Friday, 22 May 2009

Time wounds all heels.

You give a habit some time, and it becomes OCD.
You give civilization a few centuries, and it defiles.
You give freedom to people, and over time, fanatics emerge.
You give clients some weeks to ponder, and they start disliking what they had approved earlier.
You give love some years, and you take it for granted.
You give life a few decades, and it betrays you.

I wanted to be a painter, a cricketer, a scientist, and a rockstar at different stages of my life. Today, I'm in advertising, and there's nowhere else I'd rather be. And throughout life's course, at any given point, I was always at a place I hadn't ever imagined I would be at, five years before that point.

Makes you wonder. Isn't 'long-term' overrated?

Wednesday, 13 May 2009

Hello, Urban Comfort.

Last week, us office folks went for an off-roader to Muthodi. (Near Chikmangalur, adjacent to the Bhadra forest reserve.) Cool place, this. Chilly streams, coffee plantations, fireflies, noisy trees and birds, the works.

We did the usual nature-boy things. Bathing in the stream, bonfires, tents, mosquito bites, and lots of spirited liquids. Away from uncivilized world. No electricity, no networks; basically left to our own (and the caretakers') resources. I don't recall when was the last time I survived a whole 48 hours without my phone ringing.

Three days. Lotsa gung-ho. Doing nothing proved to be a fun thing to do.

During the customary song & joke sessions 'round the fires, I often pondered though. Can we last here if it wasn't a recreational trip? I mean, we observed the people who lived and worked there. Quite a bunch. They climbed up & down the slopes without puffing for lung power. They could find their way around the dense foliage in the dark. I have trouble finding the light switch in my home in the dark; or locating the candle during a power cut.

These guys were probably made for this life. It's an evolution thing I'm sure. The giraffes grew necks, the polar bears sprouted fur, and these people got night vision and intravenous odomos.

We, on the other hand, have been fed on urban comforts all our lives. It's one thing to take a break, and talk about how nice the rusty life is, while swimming amidst rocks, pebbles, and imaginary water snakes. Doing it for life is quite another. Honestly, I don't think we can handle it long term. Not just us, even those "earthy" nature-lovers who go round the country on their Bullets, in their cargos and with their rugsacks, Canons flung across their necks. No, the jungles aren't for them too. It for those small kids in shabby clothes, wandering without shoes, living off the land, and reassuring poor souls like us that there are no snakes in the stream.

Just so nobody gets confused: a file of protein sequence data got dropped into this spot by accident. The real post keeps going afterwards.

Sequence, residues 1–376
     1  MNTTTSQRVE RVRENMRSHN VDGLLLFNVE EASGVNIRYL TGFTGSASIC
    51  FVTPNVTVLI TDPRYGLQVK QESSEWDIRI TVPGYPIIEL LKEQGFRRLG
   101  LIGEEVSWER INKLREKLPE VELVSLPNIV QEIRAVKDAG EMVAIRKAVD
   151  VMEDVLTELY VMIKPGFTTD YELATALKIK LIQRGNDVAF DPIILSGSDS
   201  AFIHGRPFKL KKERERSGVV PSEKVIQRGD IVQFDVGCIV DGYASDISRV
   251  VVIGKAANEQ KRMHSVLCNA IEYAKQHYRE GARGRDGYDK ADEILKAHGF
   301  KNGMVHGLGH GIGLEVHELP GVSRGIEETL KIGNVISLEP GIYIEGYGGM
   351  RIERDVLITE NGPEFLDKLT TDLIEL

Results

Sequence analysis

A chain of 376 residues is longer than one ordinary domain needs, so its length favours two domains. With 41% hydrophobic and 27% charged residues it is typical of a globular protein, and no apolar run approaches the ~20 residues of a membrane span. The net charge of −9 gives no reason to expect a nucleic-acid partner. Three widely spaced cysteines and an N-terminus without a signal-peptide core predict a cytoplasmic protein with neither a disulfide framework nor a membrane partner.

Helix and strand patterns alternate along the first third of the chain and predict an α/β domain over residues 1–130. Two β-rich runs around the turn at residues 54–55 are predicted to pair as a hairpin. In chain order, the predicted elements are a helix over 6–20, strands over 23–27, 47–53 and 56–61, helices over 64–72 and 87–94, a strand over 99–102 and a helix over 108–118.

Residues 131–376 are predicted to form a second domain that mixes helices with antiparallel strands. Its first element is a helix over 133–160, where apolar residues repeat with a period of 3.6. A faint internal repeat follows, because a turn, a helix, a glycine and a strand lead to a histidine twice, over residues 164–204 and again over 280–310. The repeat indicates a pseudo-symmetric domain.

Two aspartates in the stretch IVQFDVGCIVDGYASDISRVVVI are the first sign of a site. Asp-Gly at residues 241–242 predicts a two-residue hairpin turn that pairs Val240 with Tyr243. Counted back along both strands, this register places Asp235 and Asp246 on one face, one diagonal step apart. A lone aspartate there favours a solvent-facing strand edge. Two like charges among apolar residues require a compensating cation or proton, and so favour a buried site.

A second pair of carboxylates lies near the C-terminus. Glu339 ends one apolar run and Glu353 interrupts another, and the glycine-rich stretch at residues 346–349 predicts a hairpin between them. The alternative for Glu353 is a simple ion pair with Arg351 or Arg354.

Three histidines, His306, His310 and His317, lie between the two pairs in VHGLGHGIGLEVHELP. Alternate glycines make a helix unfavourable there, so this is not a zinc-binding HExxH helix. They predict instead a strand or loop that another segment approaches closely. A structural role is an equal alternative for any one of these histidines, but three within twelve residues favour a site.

Albeit, the three days were memorable. The views were breathtaking. So were the scents and sounds of the wild. There was a jungle safari too where the most junglee thing we spotted was a squirrel and a cow with blue horns.

On our way back in the bus, as we reentered familiar stratosphere, we started getting our bearings and our networks back. At the sight of the first bar on the screen, everybody started calling friends and family telling how great the trip was. At the lunch halt, we saw ourselves in the mirror after a long time, secretly hoping we'd resemble Tom Hanks in Castaway. No luck. Same face, more stubble.

The first thing I did after reaching home was turned my ceiling fan to top speed, plugged in my mobile for recharging, switched on Good Knight, turned on my comp, downloaded all the pics from the trip, opened the fridge for a can of beer, and slouched on the sofa to watch the IPL, before reminiscing about how great and natural the rustic life is. Just then the power went off, and I stumbled in the dark looking for the candles. No place like home.